• 808 Words
    • 2 Pages
    Good Essays
  • Powerful Essays

    associated with infectious diseases like tuberculosis, and non communicable diseases such as cancer, cardiovascular diseases, and stroke.[1, 6, 8–11] Studies in other settings have described higher burden of vitamin D deficiency among acute stroke patients than non- stroke individuals in the same environment.[11, 12] Suboptimal vitamin D has been associated with many modifiable stroke risk factors, including physical inactivity, hypertension, dyslipidemia, obesity and diabetes mellitus.[8–10, 13–15] Furthermore

    • 2321 Words
    • 5 Pages
    Powerful Essays
  • Good Essays

    Bio Feedback Recovery

    • 864 Words
    • 2 Pages

    lower limb among stroke patients. Introduction. A stroke has become one of the most serious diseases which threatens public health worldwide. A prevalence of a stroke increases with age but it is not natural part of aging process. According to the Australian Institute of Health and Welfare (2013), more than 375,000 Australians had suffered by stroke in 2009 and 70% of them were more than aged 65. Furthermore, more than a third of Australians among them had a disability from the stroke (Australian Institute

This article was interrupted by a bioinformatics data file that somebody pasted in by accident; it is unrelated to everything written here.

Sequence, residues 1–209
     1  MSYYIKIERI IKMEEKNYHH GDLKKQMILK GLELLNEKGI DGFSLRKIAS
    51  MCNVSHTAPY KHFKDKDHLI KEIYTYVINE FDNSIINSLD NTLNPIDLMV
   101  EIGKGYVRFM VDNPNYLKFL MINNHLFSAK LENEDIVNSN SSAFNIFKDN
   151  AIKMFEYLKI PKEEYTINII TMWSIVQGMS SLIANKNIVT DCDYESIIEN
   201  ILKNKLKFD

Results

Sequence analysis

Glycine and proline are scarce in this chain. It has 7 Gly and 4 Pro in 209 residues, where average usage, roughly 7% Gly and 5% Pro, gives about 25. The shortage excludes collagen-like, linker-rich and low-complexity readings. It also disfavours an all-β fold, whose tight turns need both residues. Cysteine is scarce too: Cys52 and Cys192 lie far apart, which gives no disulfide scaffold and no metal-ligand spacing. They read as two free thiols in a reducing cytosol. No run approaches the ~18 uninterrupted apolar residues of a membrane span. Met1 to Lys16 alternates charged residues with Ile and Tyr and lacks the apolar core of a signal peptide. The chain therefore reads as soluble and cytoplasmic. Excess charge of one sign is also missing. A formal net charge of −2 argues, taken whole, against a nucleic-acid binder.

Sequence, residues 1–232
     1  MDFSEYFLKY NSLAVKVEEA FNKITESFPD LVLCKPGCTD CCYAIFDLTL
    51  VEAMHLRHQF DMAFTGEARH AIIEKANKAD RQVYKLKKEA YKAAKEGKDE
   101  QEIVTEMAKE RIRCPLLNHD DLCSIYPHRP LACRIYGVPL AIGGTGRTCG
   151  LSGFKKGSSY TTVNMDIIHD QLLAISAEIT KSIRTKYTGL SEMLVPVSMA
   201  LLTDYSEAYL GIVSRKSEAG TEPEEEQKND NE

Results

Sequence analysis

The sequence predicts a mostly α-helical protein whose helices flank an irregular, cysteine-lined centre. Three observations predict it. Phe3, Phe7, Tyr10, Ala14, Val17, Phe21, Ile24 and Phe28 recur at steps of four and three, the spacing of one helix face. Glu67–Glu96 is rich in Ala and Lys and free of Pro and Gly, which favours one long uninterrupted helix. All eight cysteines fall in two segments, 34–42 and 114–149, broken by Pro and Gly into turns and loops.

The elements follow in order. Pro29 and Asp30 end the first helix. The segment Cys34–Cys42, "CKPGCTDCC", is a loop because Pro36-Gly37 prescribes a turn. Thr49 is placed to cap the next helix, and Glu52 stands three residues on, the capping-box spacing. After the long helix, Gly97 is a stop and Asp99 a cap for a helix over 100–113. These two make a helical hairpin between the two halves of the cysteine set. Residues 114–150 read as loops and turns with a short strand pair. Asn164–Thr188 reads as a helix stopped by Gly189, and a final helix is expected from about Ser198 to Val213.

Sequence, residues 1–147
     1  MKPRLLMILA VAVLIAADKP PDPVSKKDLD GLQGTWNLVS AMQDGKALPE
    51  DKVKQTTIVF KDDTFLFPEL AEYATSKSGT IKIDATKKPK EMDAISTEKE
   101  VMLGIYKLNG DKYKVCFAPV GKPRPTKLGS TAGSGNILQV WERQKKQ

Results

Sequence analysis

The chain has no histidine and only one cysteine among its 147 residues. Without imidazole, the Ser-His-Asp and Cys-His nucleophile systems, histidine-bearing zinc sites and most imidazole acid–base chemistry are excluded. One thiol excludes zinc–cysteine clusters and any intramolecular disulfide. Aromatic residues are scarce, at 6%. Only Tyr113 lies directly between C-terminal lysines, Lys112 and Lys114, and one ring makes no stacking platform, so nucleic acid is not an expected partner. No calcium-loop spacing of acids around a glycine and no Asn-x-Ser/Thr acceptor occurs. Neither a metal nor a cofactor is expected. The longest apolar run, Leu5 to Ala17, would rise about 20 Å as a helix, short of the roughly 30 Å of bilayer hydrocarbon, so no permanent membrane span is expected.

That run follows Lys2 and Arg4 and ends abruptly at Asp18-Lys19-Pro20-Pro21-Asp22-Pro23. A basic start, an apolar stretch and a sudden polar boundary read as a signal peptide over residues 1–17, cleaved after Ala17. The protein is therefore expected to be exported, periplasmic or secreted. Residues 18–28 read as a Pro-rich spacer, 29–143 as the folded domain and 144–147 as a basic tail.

• 864 Words
    • 2 Pages
    Good Essays
  • Better Essays

    Circular Accident Essay

    • 1323 Words
    • 3 Pages

    Accident (CVA) is also known as a stroke. The word “stroke” comes from a Greek word meaning “Apoplexy”, which means to be struck down violently, like by lighting or a thunder bolt. Cerebral Vascular Accident is the sudden death of some brain cells due to lack of oxygen. When the blood flow to the brain is impaired by a blockage or a rupture of an artery to the brain, the brain cells die, the part of the body controlled by the cells cannot function. When strokes occur there can be severe loses in

    • 1323 Words
    • 3 Pages
    Better Essays
  • Good Essays

    Stroke Leads To Aphasia

    • 845 Words
    • 2 Pages